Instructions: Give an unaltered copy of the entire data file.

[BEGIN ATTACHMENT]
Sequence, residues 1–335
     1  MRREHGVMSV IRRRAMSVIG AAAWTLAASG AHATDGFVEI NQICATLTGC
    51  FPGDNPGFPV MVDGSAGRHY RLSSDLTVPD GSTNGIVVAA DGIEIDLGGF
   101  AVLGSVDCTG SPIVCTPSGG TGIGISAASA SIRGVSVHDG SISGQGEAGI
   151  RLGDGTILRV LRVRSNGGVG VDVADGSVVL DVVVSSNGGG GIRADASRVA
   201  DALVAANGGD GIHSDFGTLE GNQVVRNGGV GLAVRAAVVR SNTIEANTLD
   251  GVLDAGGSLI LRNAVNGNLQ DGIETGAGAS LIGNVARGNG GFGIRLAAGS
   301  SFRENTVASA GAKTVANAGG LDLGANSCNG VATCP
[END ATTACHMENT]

Sequence, residues 1–335
     1  MRREHGVMSV IRRRAMSVIG AAAWTLAASG AHATDGFVEI NQICATLTGC
    51  FPGDNPGFPV MVDGSAGRHY RLSSDLTVPD GSTNGIVVAA DGIEIDLGGF
   101  AVLGSVDCTG SPIVCTPSGG TGIGISAASA SIRGVSVHDG SISGQGEAGI
   151  RLGDGTILRV LRVRSNGGVG VDVADGSVVL DVVVSSNGGG GIRADASRVA
   201  DALVAANGGD GIHSDFGTLE GNQVVRNGGV GLAVRAAVVR SNTIEANTLD
   251  GVLDAGGSLI LRNAVNGNLQ DGIETGAGAS LIGNVARGNG GFGIRLAAGS
   301  SFRENTVASA GAKTVANAGG LDLGANSCNG VATCP